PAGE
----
A hotly-contested, hard-hitting affair was expected when Iowa and Iowa State met in Kinnick Stadium to write the next chapter in their storied rivalry, and in that regard it didn't disappoint.
By nearly every other metric a football team can be measured, however, the Hawkeyes were painfully disappointing in a 9-6 loss that saw the Cyclones walk off with the Cy-Hawk trophy for a second consecutive season.
The week ahead will be challenging for the glass half-full crowd, as Saturday's loss provided far more ammo for their ever-present antagonists, the doom-and-gloom prognosticators.
In the interest of universal appeal, let's analyze the winners and losers from a bitter Hawkeye defeat.
We love to extol the virtues of hard work and dedication to our children, but I am a firm believer it's the equipment that makes the man.
Depending on your craft, you may be a better set of clubs from being scratch golfers, a nicer suit from landing a great job, or a great pair of receiving gloves from hauling in a critical reception over the middle on 4th-and-10.
If this theory weren't true, the Iowa receivers would have some explaining to do after multiple critical drops in the fourth quarter. It became clear the Cyclones had no answer for C.J. Fiedorowicz late in the game.
Unfortunately, his gloves let him down in a big spot.
That was nothing compared to the number junior wide receiver Don Shumpert's gloves did on him. Shumpert's gloves allowed what would have been a fourth down conversion to hit him in the chest and hardly bothered to touch the ball before it hit the Kinnick Stadium turf for a turnover on downs.
I'm starting to wonder if these gloves are good for anything besides forming team logos when held up to show allegiance to The Roc.
To say the defense put Iowa in a position to win is more than a slight understatement.
The last time the Hawkeyes failed to win a game in which their opponent was held under 10 points was a 5-3 loss to Arizona in 1980 (via HawkeyeNation.com).
In the first half, Iowa's defense was unable to get anything even slightly resembling pressure on ISU quarterback Steele Jantz, a problem compounded by repeated missed tackles at first contact. The end result was a unit that forced zero three-and-outs and was undoubtedly relieved to go to the locker room trailing only 9-3.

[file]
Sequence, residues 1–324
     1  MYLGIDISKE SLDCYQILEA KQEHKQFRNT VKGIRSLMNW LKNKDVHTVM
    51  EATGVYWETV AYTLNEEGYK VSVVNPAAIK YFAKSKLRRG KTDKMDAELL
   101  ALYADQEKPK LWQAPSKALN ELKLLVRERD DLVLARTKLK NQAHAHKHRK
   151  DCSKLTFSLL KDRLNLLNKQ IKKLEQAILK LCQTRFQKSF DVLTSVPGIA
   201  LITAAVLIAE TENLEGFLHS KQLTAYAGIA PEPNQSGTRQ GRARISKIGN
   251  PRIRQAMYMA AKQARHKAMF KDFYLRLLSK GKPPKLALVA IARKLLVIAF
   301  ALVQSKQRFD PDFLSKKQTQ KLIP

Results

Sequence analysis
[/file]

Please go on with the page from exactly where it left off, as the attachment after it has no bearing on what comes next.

First-year defensive coordinator Phil Parker once again made all the right adjustments at halftime. The defense forced numerous three-and-outs and came away with huge plays in do-or-die situations, specifically when ISU moved the ball into the red zone.
For the second straight week, the Iowa defense did their job, and it appears Phil Parker is the right man for his.
One of the unique features of Kinnick Stadium is the close proximity of the fans to the field. It is not uncommon for fans in the end zone—often students—to join in the celebration when the Hawkeyes score a touchdown.
Unfortunately for eager fans, it appears Iowa touchdowns are more of a theoretical possibility than a likely occurrence.
In their six trips to the red zone this season, the Hawkeyes have come away with a grand total of zero touchdowns. On Saturday, that included a very manageable 1st-and-goal from the 3-yard line, which Iowa predictably turned into three points.
It looks like fans with end zone seats at Kinnick may need to petition to have the field goal nets taken down if they hope to see any action.
Let there be no debate as to the level of appreciation today's Iowa football program has for the undefeated Hawkeye squads of 1921 and 1922.
There is a celebratory vibe that accompanies the donning of special throwback uniforms, but the Hawkeyes had no intention of stopping at the sartorial homage. Instead, Iowa embarked on a journey of method acting that would have made Marlon Brando question their sanity.
Determined to sell their role as the 1921 Iowa football team, the Hawkeyes refused to indulge in the modern advancements of offensive football, instead plodding along to a historically-accurate six point yawn-fest.
Cheerleader is a thankless job. Despite their hard work and often dangerous routines, cheerleaders are often marginalized as irrelevant window dressing.
When the team on the field provides little or no cheer-worthy moments, they become a complete annoyance. It's nothing personal, but when your favorite team is in the process of raising your blood pressure to dangerous new heights, any form of enthusiasm is actually quite infuriating.
Misery loves company, and fan site message boards after disappointing losses are the most densely populated wasteland of anonymous know-it-alls the Internet has to offer.
Immediately following Iowa's anemic offensive performance, the message boards lit up with calls for wildly unreasonable changes.
Bench the fifth-year senior quarterback in favor of someone we know nothing about and have never seen take a meaningful snap NOW!
Perhaps the most entertaining thread included calls for the offensive coordinator's job, two games into his tenure, by people lamenting the loss of former offensive coordinator Ken O'Keefe.
Among the most popular message board topics over the previous decade had been "Fire Ken O'Keefe."
There isn't much to be gained by reading these posts, but there are a lot of them, and they're especially fired up this week.